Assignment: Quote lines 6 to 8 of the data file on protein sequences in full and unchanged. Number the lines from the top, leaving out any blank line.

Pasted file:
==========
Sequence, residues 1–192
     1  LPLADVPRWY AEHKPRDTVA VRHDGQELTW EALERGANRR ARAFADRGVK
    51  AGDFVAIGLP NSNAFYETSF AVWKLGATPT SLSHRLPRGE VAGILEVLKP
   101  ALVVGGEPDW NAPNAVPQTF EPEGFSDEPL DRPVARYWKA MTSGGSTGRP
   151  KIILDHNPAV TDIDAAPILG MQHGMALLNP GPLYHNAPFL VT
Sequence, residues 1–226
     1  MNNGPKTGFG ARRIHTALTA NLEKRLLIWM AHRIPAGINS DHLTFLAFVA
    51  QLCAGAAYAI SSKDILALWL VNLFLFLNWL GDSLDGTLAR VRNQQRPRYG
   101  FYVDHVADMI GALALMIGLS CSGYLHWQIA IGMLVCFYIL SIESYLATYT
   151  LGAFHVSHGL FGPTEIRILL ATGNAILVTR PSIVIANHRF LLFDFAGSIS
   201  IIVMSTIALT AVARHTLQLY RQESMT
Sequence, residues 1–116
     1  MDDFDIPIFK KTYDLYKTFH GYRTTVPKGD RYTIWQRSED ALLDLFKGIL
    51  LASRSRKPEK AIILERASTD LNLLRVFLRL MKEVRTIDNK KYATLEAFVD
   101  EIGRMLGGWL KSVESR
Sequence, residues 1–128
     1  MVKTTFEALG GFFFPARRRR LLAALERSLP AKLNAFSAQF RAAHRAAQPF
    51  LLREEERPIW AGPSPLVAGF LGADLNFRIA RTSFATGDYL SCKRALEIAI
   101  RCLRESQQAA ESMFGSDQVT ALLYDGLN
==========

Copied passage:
Sequence, residues 1–226
     1  MNNGPKTGFG ARRIHTALTA NLEKRLLIWM AHRIPAGINS DHLTFLAFVA
    51  QLCAGAAYAI SSKDILALWL VNLFLFLNWL GDSLDGTLAR VRNQQRPRYG